Google’s Mathew Gray has been playing with data sets for a long time. He’s the author of the world’s first known web spider, and he’s now working on Google Books. And he wants to know, “What would you like to do with a 30 billion word diachronic corpus?” (We’re at IBM’s Transparent Text summit, so it’s not like he’s walking around Kendall Square asking this question at random.)
For those of you who aren’t computational linguists, that’s a two-terabyte set of words, tagged by date, over a st of 400 years. This is one of the interesting consequences of Google’s attempt to close the world’s information gap around books. By non-destructively scanning books in great libraries of the world, and partnering with publishers to descructively scan their works, Google has created an amazing resource for understanding the evolution of text.
Gray admits that metadata is an issue – a surprisingly difficult one. We’d expect libraries to have information like the place of publication and author birthdates. But it’s harder than you think – some libraries don’t know when books originated and simply used “1899” as a placeholder for any book they didn’t know. You see mentions of “Internet” in publications dated 1620 – that’s because the mentions were in 1997 from a journal that’s been published since 1620.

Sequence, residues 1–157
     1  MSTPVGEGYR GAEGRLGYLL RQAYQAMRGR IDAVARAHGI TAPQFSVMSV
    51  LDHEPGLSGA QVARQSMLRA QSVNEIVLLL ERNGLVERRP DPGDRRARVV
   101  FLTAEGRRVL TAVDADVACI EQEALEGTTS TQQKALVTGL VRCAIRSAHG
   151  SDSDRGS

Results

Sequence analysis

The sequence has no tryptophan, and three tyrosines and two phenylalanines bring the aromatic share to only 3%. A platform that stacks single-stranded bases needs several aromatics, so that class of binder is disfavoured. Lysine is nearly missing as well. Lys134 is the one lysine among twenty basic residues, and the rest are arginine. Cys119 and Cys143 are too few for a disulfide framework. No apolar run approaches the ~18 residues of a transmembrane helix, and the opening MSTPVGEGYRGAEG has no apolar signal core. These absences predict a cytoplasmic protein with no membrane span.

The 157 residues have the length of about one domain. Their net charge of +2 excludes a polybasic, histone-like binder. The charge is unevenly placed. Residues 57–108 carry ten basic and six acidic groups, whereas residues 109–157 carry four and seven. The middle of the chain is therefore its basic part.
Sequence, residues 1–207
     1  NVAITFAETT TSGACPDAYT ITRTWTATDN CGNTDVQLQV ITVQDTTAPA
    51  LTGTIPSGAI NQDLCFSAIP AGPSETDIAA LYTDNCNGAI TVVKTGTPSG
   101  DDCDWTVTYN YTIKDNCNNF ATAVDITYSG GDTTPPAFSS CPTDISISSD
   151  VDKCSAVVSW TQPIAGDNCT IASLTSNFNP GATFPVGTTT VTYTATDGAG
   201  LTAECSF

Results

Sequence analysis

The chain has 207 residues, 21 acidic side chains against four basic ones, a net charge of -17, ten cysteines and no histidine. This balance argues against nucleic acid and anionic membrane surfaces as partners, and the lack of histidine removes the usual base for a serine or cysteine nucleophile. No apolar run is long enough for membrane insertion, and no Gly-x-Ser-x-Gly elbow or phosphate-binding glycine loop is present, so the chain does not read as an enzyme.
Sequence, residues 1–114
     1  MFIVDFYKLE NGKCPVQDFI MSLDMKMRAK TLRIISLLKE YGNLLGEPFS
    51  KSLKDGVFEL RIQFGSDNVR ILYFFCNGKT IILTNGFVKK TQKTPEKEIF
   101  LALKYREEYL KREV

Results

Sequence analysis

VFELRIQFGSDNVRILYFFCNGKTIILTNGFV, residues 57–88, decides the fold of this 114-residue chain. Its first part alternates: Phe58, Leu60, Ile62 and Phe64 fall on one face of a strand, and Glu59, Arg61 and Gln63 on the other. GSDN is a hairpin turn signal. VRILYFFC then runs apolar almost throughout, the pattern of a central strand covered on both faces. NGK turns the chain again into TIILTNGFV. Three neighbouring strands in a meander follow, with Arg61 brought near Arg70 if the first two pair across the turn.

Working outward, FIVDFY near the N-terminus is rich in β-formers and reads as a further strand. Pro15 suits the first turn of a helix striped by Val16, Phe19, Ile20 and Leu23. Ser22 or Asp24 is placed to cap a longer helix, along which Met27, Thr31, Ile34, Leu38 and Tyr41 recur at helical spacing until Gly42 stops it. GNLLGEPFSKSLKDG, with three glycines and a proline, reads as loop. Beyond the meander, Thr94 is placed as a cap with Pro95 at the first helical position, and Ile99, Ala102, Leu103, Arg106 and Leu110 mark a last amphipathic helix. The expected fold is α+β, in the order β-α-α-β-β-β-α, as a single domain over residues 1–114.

Oddly enough, you can use Google’s corpus to solve this problem. You can analyze language models from texts published in different years and then make intelligent guesses about when a book with bad or no metadata was published. Gray has been building Markoff models of language from given years – he then seeds them with a phrase and can construct arbitrary text from different times in history. (Useful for writers of period romance novels.)
This sort of huge data set analysis lets you do truly fun stuff. Gray asks, “How was the world represented in books in 1820?” The map above takes a stab at that question.
The ability to analyze these texts suggests the possibility of answering some very big questions. If we can analyze how verbs get regularized over time, would this give creedence to the “great man” theory of history versus the “in the air” hypothesis of language development… or of history in general.
Gray asks the room, “what should we be doing with this data?” I wondered whether Google might hand over this data to Erin McKean’s wordnik project, to help generate a vast, open-source dictionary. Another questioner wonders whether Google is trying to align texts in different languages to create aligned corpora for machine translation. Gray offers a fascinating answer: Yes, but the really worthwhile corpora are patents, because they’re very precisely translated from one language to another. Wow.